Before reaching the merits, we must first address the threshold issue of whether, as the district court determined, the action is time-barred under the five-year Virginia statute of limitations. Meridian urges us to instead apply the six-year statute of limitations in 28 U.S.C. § 2401(a) for contract suits brought “against the United States.” Meridian also contends that the statute of limitations is an affirmative defense that cannot be raised in the context of a motion to dismiss. We disagree as to both, but address the latter argument first.

A defendant's claim that an action is time-barred is an affirmative defense that it can raise in a motion to dismiss when the “face of the complaint includes all necessary facts for the defense to prevail.” Leichling v. Honeywell Int'l, Inc., 842 F.3d 848, 850–51 (4th Cir. 2016) (citation omitted). Meridian's argument against applying Virginia law--that Defendants are the “United States”--is a legal, not a factual question. All facts necessary to decide whether Defendants' statute-of-limitations defense applies, including when the cause of action first accrued, appear on the face of the complaint. We may therefore reach the affirmative defense in reviewing the district court's dismissal of the action.


Whether the five-year state statute or the six-year federal statute applies turns on whether this is a suit between private parties or a private party and the United States. As discussed below, we conclude that it is an action between two private corporations.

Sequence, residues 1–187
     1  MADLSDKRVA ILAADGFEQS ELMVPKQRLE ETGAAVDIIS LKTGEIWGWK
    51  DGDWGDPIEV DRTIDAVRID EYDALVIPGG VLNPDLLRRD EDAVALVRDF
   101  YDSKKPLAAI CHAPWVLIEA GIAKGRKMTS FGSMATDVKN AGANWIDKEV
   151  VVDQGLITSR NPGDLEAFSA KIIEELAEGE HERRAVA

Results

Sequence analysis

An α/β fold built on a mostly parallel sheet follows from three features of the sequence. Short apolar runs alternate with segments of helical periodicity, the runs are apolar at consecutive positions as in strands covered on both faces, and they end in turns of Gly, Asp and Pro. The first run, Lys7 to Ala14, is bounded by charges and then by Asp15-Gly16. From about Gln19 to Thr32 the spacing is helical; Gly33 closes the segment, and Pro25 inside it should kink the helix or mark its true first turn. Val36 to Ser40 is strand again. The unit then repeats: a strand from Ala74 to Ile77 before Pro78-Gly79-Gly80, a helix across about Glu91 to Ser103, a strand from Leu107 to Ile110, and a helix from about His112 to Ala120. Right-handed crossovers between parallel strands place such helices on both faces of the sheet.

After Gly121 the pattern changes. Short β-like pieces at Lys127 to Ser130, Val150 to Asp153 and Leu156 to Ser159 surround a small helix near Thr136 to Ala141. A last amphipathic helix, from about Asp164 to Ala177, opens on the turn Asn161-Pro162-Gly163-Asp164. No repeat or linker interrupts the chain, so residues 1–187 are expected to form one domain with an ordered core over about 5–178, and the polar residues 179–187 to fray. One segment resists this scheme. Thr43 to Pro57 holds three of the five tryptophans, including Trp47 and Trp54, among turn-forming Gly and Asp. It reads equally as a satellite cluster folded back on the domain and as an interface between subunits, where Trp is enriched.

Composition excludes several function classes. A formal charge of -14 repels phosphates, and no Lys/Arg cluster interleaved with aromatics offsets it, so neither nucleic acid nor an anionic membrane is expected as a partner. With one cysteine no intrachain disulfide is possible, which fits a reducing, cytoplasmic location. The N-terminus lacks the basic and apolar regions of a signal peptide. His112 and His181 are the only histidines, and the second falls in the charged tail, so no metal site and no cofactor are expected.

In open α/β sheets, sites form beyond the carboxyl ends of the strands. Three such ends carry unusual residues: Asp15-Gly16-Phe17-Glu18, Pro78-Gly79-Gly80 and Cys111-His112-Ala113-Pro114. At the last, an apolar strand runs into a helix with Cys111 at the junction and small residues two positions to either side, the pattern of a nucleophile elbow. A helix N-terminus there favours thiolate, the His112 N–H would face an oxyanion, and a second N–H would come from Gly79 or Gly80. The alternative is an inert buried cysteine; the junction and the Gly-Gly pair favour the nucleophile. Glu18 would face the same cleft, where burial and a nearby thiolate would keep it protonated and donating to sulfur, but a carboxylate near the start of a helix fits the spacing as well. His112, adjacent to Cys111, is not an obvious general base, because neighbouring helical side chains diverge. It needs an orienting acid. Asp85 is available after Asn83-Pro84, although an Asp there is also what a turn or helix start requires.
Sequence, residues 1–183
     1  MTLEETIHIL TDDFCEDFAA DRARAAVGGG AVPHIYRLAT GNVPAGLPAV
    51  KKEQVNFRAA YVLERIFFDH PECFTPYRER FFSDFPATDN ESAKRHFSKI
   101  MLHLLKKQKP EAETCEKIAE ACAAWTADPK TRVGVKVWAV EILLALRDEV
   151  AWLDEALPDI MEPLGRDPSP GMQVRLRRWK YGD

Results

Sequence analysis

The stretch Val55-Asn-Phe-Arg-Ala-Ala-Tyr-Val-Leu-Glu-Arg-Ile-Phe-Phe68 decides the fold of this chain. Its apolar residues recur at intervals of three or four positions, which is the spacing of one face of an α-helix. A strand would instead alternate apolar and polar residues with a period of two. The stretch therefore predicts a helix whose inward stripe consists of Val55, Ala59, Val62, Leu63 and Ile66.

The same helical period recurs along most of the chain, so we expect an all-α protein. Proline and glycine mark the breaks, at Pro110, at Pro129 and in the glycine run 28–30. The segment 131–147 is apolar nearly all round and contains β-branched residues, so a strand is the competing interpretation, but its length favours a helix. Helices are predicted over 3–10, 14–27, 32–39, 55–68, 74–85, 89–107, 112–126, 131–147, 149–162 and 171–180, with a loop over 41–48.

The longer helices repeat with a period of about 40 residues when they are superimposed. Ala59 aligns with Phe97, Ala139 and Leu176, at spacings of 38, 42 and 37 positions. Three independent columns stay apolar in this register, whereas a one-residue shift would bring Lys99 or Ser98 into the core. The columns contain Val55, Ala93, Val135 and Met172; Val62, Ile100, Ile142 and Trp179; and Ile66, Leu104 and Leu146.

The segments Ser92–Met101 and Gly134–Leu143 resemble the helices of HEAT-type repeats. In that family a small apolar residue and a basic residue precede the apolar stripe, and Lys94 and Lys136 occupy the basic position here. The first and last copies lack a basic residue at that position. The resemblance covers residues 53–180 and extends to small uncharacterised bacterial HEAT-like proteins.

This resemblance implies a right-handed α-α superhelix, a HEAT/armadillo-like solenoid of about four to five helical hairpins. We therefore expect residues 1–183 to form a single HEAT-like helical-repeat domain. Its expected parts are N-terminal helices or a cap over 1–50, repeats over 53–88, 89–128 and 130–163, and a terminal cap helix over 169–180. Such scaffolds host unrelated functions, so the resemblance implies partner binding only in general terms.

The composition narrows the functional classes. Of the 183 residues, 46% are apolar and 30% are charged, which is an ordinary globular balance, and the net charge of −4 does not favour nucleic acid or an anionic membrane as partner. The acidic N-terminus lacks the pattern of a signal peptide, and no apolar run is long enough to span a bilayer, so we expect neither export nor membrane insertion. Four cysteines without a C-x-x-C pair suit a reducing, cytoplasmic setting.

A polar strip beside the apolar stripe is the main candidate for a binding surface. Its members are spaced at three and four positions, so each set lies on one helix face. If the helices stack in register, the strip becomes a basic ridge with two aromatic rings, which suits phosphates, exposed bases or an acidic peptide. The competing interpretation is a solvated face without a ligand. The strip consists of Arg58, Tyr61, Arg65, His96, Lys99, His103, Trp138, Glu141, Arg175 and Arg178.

Section 2401(a) requires parties to bring civil actions other than tort claims “against the United States ․ within six years after the right of action first accrues.” 28 U.S.C. § 2401(a). Section 2401 is part of the Tucker Act, ch. 359, 24 Stat. 505 (codified as amended in scattered sections of 28 U.S.C.), which Congress enacted to allow private claims against the government, including contract claims. See 28 U.S.C. § 1491(a)(1).2 The Tucker Act consists of the “Big” Tucker Act, 28 U.S.C. § 1491, which vests exclusive jurisdiction in the Court of Federal Claims for actions against the United States in excess of $10,000, and the “Little” Tucker Act, 28 U.S.C. § 1346(a)(2), which grants concurrent jurisdiction to federal district courts for claims less than $10,000 brought against the United States. Section 2401(a) serves as the internal time limitation for the Little Tucker Act only. See Herr v. U.S. Forest Serv., 803 F.3d 809, 816 (6th Cir. 2015). Thus, a claim is only subject to § 2401(a)'s statute of limitations if it is “against the United States” as that term is construed in the Little Tucker Act. “United States” under the Little Tucker Act includes federal agencies and instrumentalities acting pursuant to statutory authority to accomplish a governmental objective. Corr v. Metro. Wash. Airports Auth., 702 F.3d 1334, 1336–37 (Fed. Cir. 2012). Congress created Freddie Mac as a private corporation. The only question here, therefore, is whether Defendants' actions have transformed Freddie Mac into a government instrumentality. We hold that they have not.